Q. Can compact fluorescent light bulbs cause skin cancer?
A. Energy-efficient compact fluorescent light bulbs (CFLs) have been steadily replacing traditional incandescent bulbs used in household lamps and other lighting fixtures.
CFLs emit very low levels of ultraviolet A (UV-A) radiation, the kind that penetrate to the deeper layers of the skin and are often associated with allergic reactions, such as a rash. UV-A rays damage the skin and can lead to skin cancer. However, the amount emitted by CFLs is so minuscule as to be almost meaningless, so it’s highly unlikely that the bulbs cause skin cancer.
Concern about CFLs causing skin cancer may have spiked in the wake of a 2012 study at Stony Brook University in New York in which skin cells in petri dishes changed after exposure to CFLs, which may have been because of cracks in the bulbs' protective coating that let out UV light.
Researchers at New York University decided to measure emissions from ceiling-mounted fluorescent lights in office environments. They concluded that a person spending a year working under the bulbs would be exposed to the equivalent of 20 minutes of direct sunlight in September—not enough to cause any damage.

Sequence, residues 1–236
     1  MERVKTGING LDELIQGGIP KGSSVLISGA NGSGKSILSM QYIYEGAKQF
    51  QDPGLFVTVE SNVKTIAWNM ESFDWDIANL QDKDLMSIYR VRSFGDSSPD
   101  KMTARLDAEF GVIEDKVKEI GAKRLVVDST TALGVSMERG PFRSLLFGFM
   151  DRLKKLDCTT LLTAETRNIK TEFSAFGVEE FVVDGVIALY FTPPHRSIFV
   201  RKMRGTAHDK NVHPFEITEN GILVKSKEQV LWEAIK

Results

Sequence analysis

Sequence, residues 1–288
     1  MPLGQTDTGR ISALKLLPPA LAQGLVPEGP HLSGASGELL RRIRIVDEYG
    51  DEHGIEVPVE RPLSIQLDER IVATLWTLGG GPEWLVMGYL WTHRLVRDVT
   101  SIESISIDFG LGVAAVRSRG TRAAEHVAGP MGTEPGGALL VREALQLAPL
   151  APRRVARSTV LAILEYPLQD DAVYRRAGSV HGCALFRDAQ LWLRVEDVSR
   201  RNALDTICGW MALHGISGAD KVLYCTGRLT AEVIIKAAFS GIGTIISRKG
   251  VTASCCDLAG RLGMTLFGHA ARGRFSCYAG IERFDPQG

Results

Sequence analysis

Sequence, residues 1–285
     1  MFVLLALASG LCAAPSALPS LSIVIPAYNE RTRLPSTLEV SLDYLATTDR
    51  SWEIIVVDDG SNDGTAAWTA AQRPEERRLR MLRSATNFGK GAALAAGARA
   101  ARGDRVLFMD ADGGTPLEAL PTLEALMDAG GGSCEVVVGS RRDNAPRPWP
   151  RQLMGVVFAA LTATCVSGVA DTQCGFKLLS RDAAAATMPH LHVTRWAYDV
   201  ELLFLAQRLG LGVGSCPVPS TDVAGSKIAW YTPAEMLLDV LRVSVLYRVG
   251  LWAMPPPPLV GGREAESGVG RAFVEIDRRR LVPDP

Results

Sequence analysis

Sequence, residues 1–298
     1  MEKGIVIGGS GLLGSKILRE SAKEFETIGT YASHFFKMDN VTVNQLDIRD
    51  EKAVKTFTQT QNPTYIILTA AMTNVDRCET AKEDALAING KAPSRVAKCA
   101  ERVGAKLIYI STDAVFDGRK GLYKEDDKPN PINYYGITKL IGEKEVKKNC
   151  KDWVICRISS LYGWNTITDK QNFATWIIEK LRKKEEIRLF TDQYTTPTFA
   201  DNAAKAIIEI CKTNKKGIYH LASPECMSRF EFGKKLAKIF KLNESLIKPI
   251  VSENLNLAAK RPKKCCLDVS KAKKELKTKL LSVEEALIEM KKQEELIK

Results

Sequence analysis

If you’re still worried, you can install Plexiglas covers over CFLs to block UV-A rays and keep some distance between you and the bulbs. But the energy is so low you likely don’t need sunscreen for protection from CFLs. You should, however, always protect yourself from sunlight’s more powerful rays and apply a sunscreen with an SPF of 30 or greater every day.
Learn more about the dangers of melanoma and nonmelanoma skin cancers.